Monday, July 12, 2010

"How do I establish credibility as a speaker when my age and looks work against me?"

This month, I'm asking you to tell me your answers to the questions "Who are you? What are you looking for here?"  Follow the link to share your reasons, questions and challenges, and to add to the list, which includes some compelling challenges for speakers.  Here's one from Annie:
I am a 30 year-old executive at a life science company. The blessings of my Asian genes is that I look about 10 years younger, but professionally it is my number one curse. I teach seminars around the globe, speak at universities and give regular presentations before the senior management of companies. Usually the audience is in shock when I begin speaking because they thought I was the intern or assistant. How do I establish credibility in as a public speaker when my looks work so dramatically against me?
Just being different may make you feel--or prompt others to act--as if you don't have enough credibility to be speaking or speaking up. That can happen when there are big discrepanies between the audience and the speaker in terms of age, gender, race, even modes of dress.  If you are the youngest person in the room, the only woman or person of color, or the casually dressed intern amidst the sea of suits (or the reverse of any of those situations), it's easy to feel like the "other," out of place and out of sync.

I'm not going to advise fighting fire with fire.  Some public speaking coaches will tell you to wear glasses to look more serious, or, if you're a woman, to pull your hair back to look more serious, or to put on a suit like a suit of armor.  But if those are not things you'd normally do, they may distract you even more. 

I'm assuming, by the way, that your content is not the problem here.  Most of my public speaking trainees who face this appearance issue have already nailed their content, and find that's not enough.  So here are seven ways to boost your credibility with the audience and turn that tension into a dynamic presentation:
  1. Make sure the credibility problem isn't in your head.  If you're also doubting your credibility, it's time to work on your confidence level again.  Try these 12 tips on Confidence: Fake it until you make it.
  2. Check your voice.  In addition to appearance, some young women find their vocal image gets in the way of credibility. Check out this guest post from vocal coach Kate Peters on figuring out your vocal image, and note that we tend to hear sentences that end with a downward tone as more decisive, and those that end with an upward tone as indecisive. 
  3. Take charge of your introduction.  In addition to these tips for making sure you've written (or are delivering) a worthy intro, in this case, I'd advise using your introduction and bio, if one is printed in advance materials, to prepare the audience. Make sure your photo is included, and if your bio can accurately say something that emphasizes your youthful accomplishment, do it:  "Annie Smith is the youngest scientist at LifeMarkBio to be published in all three major journals in the field," for example. Put it right out there.  Check these tips on introducing yourself to be sure you aren't over-promoting yourself in an effort to boost your cred.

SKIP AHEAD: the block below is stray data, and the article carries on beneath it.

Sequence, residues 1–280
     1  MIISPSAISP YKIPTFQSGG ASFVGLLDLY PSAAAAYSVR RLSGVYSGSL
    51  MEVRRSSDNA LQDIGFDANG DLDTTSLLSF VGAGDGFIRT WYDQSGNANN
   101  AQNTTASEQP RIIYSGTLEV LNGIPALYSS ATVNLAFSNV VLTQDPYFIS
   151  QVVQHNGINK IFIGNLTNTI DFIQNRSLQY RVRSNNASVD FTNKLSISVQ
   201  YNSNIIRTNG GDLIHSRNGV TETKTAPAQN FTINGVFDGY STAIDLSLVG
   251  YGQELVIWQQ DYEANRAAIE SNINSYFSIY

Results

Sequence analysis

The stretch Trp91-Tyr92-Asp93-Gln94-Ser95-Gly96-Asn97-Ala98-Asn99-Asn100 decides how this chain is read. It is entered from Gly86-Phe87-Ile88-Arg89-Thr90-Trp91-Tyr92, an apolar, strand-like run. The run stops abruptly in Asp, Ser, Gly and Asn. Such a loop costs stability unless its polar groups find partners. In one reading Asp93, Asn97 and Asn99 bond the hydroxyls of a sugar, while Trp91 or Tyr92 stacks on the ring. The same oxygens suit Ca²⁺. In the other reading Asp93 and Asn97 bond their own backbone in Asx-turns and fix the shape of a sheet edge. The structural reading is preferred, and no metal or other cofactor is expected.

4. Make it more personal:  If the group is small enough (a presentation to senior managers, for example), walk around the room before the meeting gets started to shake hands and introduce yourself one-on-one, or greet people at the door: "Good morning, I'm Annie Smith. I'll be sharing the new marketing data with you this morning. Looking forward to your questions."  That gets it out of the way on an individual level, and you'll look composed and confident to boot.
  5. Clue the audience in before the talk. This may be a time to also consider building an online presence, a special web page for your presentation that includes advance materials, including your bio and photo, your slides, handouts, even a welcome video from you. Add links to your online profiles to show your credentials in more detail and encourage networking. Make sure your audience gets the link ahead of the event.
  6. Develop a relaxed, non-anxious sense of humor about the surprised reaction.  You know it's coming, so have a couple of gently humorous--but not self-deprecating--comebacks ready if people gasp or otherwise react visibly and audibly to your appearance. (Make sure you're criticizing neither the audience nor yourself here.)  "In addition to discovering the fountain of youth, I've been working on...." or "I was worried about that, too, but then I realized we're all aging at the same rate" might be two to try.  The trick is to appear confident, not to recoil from a mention of your young years.  Laugh if you want to, in a bemused "there you go again" kind of way. Then transition to your real content.
  7. Find something you have in common with your audience--that may not be on your resume.  It might be location, an event going on nearby, or some other topic that will take people out of the frame of "us versus her" and create a bond.  Work that into your remarks early on to build rapport.  Or take a poll of the audience to find out what you all have in common.
Andrew Dlugan's Six Minutes blog selected this post as among the best public speaking blog posts in the week of August 14, 2010.  Thanks, Andrew!

Related posts:  What's credible about you as a speaker? The answer may not be on your resume

Confidence: Fake it until you make it

When you have to introduce yourself

Take charge of your introduction

When self-deprecating humor doesn't work for you

1 comment:

Richard I. Garber said...

When he became one of the youngest US Senators, Frank Church used to joke in his speech introductionsabout being mistaken for one of the page boys: